We’re encouraged to dispose and replace items in much faster cycles than years past. And when we do replace, do we give much thought about where the old items go, or what the process is for making the replacement? I fear we are trapped in a system that rewards the wrong things (newness, profits, speed,...). No, I don’t want to give up my smart phone, computer, or flat screen TV, but I ask myself, “what CAN I do?” I could honor my Dad, who passed in 2005, and all that he taught me—gardening, carpentry, designing, love of nature, self-reliance. I could honor all those who came before him who struggled but relied on their own ingenuity to solve their problems. I can use less and make more from what I have, wherever possible.

So here's how it came together...starting up high...

mapquest grid [thank you Mapquest]

The original design plan—
first MAKE

...then I mowed the wrong direction and finished with...

final view from air

[the gliche in the middle right was not me, it was a dead spot from a patch of hay sitting there all winter and suffocating the new growth]

After mowing the wrong direction with the motif, mowing the word MAKE was nerve-wracking. Glad it was all straight lines.

aerial view - higher

I like this process. I can't wait for the next one.
The plane ride to get these photos is another story (you can read about on my blog).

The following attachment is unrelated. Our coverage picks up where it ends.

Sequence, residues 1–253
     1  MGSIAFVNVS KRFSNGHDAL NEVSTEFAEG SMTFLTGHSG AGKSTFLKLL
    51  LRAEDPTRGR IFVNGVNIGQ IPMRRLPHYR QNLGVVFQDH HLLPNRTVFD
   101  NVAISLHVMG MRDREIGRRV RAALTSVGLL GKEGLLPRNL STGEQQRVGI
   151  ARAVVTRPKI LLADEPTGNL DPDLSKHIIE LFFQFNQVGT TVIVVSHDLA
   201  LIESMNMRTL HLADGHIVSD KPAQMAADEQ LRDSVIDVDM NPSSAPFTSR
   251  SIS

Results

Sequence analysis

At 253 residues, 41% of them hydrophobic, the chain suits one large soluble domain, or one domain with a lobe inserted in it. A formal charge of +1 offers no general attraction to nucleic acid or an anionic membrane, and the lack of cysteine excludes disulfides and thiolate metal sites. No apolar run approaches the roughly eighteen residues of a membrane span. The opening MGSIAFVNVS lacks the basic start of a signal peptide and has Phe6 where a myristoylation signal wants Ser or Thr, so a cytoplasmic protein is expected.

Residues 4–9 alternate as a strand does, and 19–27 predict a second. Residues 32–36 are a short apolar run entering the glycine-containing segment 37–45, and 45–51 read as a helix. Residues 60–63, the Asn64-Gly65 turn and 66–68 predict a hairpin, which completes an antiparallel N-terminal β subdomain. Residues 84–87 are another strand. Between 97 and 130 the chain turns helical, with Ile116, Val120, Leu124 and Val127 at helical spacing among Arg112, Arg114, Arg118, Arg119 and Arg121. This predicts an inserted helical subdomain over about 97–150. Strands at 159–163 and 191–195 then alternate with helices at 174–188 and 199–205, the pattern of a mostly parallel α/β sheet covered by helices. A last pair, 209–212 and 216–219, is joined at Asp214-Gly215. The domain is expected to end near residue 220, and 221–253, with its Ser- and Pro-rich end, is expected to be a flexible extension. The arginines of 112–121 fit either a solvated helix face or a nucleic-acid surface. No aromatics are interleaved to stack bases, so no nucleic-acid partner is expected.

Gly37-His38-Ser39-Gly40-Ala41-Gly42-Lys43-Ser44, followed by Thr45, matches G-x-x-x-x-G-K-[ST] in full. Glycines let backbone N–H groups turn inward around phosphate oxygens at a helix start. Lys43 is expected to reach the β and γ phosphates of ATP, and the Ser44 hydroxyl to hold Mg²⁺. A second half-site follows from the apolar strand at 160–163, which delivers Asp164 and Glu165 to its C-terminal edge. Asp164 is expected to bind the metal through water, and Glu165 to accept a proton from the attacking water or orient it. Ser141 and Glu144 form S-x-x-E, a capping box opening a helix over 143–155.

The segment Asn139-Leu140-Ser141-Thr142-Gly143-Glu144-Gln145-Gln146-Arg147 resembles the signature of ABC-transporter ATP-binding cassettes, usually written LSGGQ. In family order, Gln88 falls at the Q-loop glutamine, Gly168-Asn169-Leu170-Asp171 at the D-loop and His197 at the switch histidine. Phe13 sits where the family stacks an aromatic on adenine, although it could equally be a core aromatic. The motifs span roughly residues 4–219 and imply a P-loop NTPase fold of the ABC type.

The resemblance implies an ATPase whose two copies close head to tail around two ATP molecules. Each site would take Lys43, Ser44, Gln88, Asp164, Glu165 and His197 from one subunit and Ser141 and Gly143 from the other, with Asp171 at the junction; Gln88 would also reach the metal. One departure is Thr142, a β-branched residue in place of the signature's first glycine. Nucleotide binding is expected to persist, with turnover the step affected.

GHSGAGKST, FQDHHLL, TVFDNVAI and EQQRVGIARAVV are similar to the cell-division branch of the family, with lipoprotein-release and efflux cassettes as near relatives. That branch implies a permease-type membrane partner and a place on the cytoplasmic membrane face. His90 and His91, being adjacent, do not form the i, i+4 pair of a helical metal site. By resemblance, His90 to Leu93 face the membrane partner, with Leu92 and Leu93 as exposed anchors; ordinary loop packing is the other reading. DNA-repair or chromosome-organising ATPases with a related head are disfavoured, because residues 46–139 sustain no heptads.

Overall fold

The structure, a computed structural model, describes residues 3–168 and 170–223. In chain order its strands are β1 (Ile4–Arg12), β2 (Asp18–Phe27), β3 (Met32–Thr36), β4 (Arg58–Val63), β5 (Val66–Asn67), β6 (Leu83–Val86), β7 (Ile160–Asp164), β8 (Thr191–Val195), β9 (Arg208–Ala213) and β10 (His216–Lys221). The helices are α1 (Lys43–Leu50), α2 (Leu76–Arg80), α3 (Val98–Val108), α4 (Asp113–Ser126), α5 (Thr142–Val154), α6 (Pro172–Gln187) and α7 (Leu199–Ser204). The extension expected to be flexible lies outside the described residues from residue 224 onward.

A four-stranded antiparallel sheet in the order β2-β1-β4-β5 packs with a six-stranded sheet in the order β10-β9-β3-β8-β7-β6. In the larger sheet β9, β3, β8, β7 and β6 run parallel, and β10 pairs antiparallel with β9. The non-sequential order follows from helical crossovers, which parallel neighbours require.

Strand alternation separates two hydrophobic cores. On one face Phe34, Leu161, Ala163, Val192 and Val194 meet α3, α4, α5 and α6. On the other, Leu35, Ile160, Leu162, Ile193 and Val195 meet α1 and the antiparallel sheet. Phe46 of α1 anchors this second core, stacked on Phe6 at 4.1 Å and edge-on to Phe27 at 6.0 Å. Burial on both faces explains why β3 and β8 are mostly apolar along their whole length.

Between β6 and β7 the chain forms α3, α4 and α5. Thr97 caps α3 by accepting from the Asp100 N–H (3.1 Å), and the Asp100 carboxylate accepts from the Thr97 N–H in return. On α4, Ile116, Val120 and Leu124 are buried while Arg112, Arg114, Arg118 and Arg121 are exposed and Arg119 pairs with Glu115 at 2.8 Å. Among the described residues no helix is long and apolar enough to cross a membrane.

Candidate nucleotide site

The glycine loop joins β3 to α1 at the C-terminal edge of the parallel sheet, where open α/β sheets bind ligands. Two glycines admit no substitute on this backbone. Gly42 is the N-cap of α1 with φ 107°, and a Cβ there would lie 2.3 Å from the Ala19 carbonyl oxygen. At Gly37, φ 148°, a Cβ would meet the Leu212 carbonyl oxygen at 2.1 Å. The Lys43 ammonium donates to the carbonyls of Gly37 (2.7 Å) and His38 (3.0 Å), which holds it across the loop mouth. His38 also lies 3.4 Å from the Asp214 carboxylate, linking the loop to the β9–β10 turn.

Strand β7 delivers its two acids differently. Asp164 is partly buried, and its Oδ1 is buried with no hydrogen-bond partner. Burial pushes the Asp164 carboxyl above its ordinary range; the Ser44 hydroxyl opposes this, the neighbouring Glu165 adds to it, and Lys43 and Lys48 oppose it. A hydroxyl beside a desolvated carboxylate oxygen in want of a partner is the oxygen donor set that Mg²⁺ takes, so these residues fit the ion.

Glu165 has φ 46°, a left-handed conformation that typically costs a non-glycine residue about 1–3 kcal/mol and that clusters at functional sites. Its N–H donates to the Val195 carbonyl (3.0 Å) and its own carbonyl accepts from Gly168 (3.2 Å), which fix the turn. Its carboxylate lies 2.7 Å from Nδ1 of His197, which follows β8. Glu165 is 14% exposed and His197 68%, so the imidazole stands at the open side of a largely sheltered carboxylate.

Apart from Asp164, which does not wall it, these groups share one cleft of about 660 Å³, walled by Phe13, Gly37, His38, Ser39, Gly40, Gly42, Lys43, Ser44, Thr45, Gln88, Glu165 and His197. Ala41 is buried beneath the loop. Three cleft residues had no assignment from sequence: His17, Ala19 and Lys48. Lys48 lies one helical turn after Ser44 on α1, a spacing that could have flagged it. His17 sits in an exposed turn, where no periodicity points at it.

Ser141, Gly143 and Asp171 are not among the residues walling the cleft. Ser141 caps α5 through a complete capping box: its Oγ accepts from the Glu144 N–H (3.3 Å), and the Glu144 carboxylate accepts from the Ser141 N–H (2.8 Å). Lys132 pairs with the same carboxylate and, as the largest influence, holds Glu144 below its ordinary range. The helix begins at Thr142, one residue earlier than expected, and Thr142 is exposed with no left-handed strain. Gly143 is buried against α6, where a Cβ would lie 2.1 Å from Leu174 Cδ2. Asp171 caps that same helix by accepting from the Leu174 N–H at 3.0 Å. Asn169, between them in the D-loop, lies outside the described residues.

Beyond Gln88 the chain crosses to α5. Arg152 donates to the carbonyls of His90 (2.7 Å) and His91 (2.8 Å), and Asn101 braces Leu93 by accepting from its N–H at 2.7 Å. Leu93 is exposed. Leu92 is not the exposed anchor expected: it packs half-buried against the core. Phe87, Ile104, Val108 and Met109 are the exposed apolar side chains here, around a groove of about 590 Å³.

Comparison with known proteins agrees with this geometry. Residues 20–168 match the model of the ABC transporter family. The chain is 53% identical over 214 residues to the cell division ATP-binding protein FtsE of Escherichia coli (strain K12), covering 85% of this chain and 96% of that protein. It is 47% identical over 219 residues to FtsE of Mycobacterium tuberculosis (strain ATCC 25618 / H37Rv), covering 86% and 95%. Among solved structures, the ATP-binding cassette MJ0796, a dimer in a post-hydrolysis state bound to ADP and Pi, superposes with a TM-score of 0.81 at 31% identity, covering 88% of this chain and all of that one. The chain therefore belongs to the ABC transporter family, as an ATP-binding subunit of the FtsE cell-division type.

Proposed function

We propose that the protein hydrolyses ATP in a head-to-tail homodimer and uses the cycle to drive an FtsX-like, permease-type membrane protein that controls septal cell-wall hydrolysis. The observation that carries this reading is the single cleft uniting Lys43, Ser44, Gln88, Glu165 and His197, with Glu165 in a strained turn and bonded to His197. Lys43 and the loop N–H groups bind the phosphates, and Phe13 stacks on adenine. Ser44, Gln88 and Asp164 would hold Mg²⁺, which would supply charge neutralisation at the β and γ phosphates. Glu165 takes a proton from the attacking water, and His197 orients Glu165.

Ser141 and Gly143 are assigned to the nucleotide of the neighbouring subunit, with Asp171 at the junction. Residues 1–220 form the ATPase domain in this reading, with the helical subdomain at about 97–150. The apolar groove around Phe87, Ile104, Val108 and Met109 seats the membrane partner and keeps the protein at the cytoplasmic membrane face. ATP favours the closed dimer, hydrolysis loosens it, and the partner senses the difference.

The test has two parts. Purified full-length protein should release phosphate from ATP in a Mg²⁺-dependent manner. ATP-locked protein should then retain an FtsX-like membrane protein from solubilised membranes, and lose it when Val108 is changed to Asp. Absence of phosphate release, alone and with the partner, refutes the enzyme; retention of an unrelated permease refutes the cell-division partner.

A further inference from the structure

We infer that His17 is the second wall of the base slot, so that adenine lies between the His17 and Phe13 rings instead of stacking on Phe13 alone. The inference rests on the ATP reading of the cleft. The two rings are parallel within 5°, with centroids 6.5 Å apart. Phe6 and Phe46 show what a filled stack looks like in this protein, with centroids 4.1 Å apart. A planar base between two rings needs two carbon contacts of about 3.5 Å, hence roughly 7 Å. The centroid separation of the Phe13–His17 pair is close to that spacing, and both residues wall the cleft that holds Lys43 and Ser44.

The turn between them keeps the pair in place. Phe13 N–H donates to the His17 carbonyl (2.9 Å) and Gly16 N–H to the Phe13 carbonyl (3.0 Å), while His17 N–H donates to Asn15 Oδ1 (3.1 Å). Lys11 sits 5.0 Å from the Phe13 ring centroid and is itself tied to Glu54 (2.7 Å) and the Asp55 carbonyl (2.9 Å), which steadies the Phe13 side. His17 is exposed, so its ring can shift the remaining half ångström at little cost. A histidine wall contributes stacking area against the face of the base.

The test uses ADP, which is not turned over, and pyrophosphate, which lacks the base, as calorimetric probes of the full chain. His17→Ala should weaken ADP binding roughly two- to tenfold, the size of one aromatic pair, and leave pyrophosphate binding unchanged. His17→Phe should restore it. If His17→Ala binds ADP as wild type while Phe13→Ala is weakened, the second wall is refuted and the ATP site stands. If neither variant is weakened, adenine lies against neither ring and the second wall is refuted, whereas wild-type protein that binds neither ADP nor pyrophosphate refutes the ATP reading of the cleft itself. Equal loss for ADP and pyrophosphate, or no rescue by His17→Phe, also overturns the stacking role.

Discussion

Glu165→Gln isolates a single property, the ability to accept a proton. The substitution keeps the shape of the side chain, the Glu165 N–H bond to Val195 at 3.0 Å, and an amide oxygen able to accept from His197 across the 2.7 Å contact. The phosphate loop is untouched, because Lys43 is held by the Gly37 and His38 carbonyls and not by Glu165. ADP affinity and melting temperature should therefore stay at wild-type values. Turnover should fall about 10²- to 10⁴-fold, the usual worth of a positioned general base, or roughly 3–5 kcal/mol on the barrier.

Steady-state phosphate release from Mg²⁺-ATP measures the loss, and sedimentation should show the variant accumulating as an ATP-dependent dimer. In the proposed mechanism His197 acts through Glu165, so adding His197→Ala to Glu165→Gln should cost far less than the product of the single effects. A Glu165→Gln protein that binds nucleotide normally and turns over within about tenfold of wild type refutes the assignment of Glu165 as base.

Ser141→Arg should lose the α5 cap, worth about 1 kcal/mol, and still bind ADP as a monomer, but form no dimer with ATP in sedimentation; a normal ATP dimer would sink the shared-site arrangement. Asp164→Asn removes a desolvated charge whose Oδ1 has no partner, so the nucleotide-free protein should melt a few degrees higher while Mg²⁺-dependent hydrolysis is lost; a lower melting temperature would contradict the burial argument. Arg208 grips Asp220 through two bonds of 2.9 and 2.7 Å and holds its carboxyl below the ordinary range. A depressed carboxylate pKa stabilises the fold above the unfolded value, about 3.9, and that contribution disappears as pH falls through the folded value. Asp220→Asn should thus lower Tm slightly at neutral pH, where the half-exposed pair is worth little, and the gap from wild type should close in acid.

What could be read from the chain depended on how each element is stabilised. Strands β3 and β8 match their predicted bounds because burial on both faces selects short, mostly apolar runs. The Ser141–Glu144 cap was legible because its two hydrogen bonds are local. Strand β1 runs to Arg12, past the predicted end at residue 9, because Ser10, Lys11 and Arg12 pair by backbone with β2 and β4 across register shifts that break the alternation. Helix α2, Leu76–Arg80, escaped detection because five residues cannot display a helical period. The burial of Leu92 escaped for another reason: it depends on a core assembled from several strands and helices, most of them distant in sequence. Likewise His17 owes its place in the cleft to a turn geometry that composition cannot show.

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making/repurposing: Cistern Revival

:: My cistern is 10 feet from my garage, unused, just waiting for new purpose. Instead of gallon after gallon of rain water going nowhere, I can capture it and pump it out to the garden, or anywhere I want. As we all know, rainwater is far better for our vegetation than tap water.
Last year we had a drought which made my gardening very expensive (using tap water).
First I'd have to see if the cistern holds water. If not, the project may be too impractical to pursue. If it does, then I'd have to buy some additional guttering/piping to route the water and a pump and the lumber for a pergola (the pretty designed aspect of this) that will be the support over a walkway between my garage and the cistern.

the plans

First to prepare the area. The juniper trees and forsythias had taken over the cistern area. A lot of pruning took place.


The cistern was still holding water. It was at least 12 years old (scary). I used a sump pump to drain it. I got all but 2 or 3 inches out of it. For the remaining water I put some chlorine tablets in an empty milk jug, poked holes in it and dropped it down a line into the cistern. This ought to kill any remaining "bad" bacteria.

Next, design the pergola and plumbing.

Upcoming events I’ve attended or
will be attending:

:: Maker Faire - KC
Saturday/Sunday, June 29 & 30—Union Station

Maker Faire: Kansas City celebrates things people create themselves — from new technology and electronic gizmos to urban farming and “slow-made” foods to homemade clothes, quilts and sculptures. This family-friendly event demonstrates what and how people are inventing, making and creating. It brings together Makers, Crafters, Inventors, Hackers, Scientists and Artists for a faire full of fun and inspiration. Come see what others are making and be inspired to tap into your own creativity!